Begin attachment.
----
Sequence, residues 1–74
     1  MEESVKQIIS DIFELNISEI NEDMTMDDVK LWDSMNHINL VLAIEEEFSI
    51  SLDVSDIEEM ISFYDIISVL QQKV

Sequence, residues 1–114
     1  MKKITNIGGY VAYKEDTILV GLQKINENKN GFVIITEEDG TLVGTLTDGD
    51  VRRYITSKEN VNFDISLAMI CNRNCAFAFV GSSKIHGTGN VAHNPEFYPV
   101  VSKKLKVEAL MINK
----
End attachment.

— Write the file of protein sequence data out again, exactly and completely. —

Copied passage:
Sequence, residues 1–74
     1  MEESVKQIIS DIFELNISEI NEDMTMDDVK LWDSMNHINL VLAIEEEFSI
    51  SLDVSDIEEM ISFYDIISVL QQKV

Sequence, residues 1–114
     1  MKKITNIGGY VAYKEDTILV GLQKINENKN GFVIITEEDG TLVGTLTDGD
    51  VRRYITSKEN VNFDISLAMI CNRNCAFAFV GSSKIHGTGN VAHNPEFYPV
   101  VSKKLKVEAL MINK